See?? 🙁 I had it so that the camera set the ISO and the shutter speed automatically, such that I only picked the aperture value, and you can see that I totally messed this up. Argh.
The professional photographer actually suggested using the fill flash on the auto setting, but I could not for the life of me figure out how to force the flash on auto. It would not come up for me, even if I placed my hand in front of the lens to “fool” the camera into thinking it was dark. I finally gave up on that, and I just figured the automatic setting would know if it needed the flash.
And honestly, it kind of shames me to admit it, but for the most part, the automatic pictures did turn out better…
– my shot out of the camera, 1/250, f 4.5, iso 400, flash fired at -1, fl 105
– same angle at automatic settings
Now, obviously, the first one sucks. But I wasn’t completely thrilled with the second one (the automatic one) either. So I did some post-production processing in the Canon software and came up with this:
Personally, I tend to like things bright. (Maybe it’s an extension of my extroverted personality, lol!) Of couse, when you put the two of them side by side, each one has merits (hey, with a model that pretty, how can they not??), so I guess it’s just a matter of personal preference. There are other instances where I altered a shot taken on the automatic setting and ended up being happier with the original version.
original automatic setting
my shot after messing with it
For this one, I think the softer (automatic) version works better, maybe because it’s an extension of the “wheat-like” tan grass in background. My “amped up” version just seems to take away from the subject’s features. (Edited to add: while I was putting this post together, my husband was looking over my shoulder and proceeded to argue with me that the second, post-production version was better; he swears that the brighter colors bring out her features more and even commented on how shiny her hair looked. LOL, see…it’s all about personal preference!)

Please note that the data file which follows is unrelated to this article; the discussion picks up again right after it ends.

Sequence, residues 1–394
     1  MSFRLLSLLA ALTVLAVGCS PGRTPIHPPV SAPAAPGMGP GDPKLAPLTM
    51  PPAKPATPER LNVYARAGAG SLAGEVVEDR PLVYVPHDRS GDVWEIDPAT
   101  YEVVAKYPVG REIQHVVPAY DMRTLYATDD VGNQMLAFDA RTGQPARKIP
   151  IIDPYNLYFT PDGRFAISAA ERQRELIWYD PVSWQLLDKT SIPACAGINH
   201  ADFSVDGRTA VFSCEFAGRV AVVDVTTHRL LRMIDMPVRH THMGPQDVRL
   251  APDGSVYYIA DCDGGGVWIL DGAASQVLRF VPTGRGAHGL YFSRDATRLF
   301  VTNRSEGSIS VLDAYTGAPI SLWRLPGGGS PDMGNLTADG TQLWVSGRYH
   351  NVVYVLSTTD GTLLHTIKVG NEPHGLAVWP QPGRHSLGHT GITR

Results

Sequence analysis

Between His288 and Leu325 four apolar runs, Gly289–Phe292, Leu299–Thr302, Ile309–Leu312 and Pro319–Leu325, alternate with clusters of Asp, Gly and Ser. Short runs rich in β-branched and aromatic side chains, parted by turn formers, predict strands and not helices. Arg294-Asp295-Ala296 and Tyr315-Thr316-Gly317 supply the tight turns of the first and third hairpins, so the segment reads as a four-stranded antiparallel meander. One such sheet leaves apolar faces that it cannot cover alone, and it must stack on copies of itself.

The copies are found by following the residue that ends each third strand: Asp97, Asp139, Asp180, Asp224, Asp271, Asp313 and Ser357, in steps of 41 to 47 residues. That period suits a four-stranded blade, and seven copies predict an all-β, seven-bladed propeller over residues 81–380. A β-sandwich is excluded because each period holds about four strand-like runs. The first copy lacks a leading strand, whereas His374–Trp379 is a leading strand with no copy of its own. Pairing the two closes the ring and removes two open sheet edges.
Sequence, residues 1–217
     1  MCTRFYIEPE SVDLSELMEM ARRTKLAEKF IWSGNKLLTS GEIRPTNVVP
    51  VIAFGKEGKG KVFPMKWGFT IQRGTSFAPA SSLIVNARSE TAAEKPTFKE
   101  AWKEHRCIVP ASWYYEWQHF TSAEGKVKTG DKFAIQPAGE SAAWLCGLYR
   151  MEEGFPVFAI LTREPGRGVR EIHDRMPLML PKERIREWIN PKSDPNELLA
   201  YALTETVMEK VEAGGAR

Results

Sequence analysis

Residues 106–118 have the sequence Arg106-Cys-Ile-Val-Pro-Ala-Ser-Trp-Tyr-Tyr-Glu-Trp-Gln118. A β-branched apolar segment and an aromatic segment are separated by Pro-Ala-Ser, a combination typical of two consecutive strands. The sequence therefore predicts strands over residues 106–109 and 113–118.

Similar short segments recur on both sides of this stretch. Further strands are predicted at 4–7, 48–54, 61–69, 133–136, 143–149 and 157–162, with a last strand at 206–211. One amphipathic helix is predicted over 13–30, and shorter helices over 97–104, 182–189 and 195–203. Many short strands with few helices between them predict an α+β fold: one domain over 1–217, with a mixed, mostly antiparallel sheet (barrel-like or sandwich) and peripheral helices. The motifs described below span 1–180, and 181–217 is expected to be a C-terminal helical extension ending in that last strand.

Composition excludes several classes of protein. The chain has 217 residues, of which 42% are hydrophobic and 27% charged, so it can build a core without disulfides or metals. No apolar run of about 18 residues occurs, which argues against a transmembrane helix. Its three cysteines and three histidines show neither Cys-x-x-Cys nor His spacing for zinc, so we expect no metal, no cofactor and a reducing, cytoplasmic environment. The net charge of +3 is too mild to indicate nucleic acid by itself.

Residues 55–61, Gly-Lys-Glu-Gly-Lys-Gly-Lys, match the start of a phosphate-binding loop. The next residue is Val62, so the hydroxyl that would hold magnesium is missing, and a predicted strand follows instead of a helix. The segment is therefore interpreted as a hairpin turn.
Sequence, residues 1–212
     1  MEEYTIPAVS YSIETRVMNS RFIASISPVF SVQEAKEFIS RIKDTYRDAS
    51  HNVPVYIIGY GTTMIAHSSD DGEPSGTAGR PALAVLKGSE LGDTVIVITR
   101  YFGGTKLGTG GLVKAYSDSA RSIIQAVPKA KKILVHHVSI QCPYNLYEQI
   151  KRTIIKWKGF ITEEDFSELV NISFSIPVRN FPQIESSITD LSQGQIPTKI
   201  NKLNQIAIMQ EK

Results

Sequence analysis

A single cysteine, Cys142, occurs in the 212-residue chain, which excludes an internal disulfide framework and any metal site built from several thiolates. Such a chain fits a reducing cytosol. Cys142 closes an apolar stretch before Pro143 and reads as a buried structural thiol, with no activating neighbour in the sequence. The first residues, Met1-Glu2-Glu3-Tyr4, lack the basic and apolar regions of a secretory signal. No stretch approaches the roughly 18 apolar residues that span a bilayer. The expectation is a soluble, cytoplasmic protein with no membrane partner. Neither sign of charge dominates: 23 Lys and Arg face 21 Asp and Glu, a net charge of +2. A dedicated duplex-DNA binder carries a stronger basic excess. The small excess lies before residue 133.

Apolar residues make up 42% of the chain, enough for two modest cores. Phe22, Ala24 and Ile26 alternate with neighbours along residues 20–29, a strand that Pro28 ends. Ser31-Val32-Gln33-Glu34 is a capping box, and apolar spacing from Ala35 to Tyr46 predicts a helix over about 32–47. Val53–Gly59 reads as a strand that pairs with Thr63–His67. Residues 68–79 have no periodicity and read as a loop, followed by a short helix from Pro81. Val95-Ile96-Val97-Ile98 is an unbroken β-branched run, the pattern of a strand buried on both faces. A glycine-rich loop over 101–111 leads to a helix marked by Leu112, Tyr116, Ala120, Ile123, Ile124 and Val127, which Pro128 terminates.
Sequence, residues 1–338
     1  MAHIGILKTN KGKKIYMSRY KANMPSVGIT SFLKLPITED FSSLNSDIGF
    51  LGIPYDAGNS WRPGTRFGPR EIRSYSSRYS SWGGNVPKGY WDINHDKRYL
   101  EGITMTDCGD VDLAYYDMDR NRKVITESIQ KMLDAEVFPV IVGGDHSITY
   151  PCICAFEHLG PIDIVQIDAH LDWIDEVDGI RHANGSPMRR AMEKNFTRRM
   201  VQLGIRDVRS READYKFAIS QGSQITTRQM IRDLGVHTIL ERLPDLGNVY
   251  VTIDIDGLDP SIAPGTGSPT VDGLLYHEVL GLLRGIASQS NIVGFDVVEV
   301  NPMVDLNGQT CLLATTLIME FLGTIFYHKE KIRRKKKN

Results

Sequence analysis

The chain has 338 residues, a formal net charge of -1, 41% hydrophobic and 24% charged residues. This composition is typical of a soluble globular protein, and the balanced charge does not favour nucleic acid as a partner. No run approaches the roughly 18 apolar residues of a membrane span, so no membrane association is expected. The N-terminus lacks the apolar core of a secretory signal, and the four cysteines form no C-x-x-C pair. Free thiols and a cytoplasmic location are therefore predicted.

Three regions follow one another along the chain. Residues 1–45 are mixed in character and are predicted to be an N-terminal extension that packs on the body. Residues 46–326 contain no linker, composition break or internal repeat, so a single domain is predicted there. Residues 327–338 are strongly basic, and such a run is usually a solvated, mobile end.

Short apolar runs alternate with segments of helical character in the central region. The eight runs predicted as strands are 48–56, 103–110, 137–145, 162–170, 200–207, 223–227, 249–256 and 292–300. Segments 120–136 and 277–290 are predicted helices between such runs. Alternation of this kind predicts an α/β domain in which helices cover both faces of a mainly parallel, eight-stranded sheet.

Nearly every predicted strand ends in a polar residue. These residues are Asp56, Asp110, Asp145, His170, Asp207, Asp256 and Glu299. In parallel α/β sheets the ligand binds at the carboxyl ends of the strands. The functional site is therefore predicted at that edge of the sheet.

I will say that I think the running photos (all of which were taking using the sports mode, so all settings were automatic) were better with a little added infusion of brightness.
original with automatic (sports) settings
post-production with my alterations
Again, a lot of factors go into choosing what effects to apply during post-production, and individual taste has a lot to do with it. I will say that I now fully understand why a professional photographer can’t just take the card out of the camera and magically make pictures ready for viewing as soon as the shoot is done. I’m actually wondering how the pros at the hockey tournaments turn the pictures around so fast that you can view them at their booth right after the game! Maybe there’s software you can use to automate it to a degree? Or maybe they have a standard “recipe” of effects saved that they just blanket-apply to all pictures taken at a specific arena??
At any rate, this turned out to be a LONG post, but since I’m getting paid by the word here… 😉 (Ha ha ha ha, don’t I wish!!!) Actually, it was just such a fun experience for me to do this little “photo shoot,” it was easy to go on and on, and someday, when portrait shooting is second-nature to me, I’ll be able to look back on this and remember how far I’ve come.
One can hope, anyway!!!!!!! 😉
Thanks for reading. 😀